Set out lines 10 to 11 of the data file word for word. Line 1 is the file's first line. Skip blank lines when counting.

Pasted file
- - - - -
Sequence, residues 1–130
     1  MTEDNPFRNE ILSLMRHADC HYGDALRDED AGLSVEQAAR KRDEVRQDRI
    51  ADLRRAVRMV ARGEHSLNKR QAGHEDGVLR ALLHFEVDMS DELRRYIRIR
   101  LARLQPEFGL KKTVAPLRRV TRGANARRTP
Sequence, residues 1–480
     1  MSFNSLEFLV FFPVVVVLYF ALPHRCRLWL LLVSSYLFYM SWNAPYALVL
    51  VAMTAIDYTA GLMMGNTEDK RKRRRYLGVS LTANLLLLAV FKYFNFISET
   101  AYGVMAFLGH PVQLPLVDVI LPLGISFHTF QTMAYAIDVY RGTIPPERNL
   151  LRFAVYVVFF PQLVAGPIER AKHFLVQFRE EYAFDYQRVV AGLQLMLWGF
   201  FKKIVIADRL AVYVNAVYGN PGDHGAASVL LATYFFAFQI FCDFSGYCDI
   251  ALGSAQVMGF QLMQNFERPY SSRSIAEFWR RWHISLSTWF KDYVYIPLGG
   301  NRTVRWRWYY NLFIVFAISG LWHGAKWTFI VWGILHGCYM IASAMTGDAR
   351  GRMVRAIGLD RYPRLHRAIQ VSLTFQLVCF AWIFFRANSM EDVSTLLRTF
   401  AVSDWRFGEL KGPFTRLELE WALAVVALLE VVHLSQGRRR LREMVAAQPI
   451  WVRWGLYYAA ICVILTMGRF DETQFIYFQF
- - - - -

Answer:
   201  FKKIVIADRL AVYVNAVYGN PGDHGAASVL LATYFFAFQI FCDFSGYCDI
   251  ALGSAQVMGF QLMQNFERPY SSRSIAEFWR RWHISLSTWF KDYVYIPLGG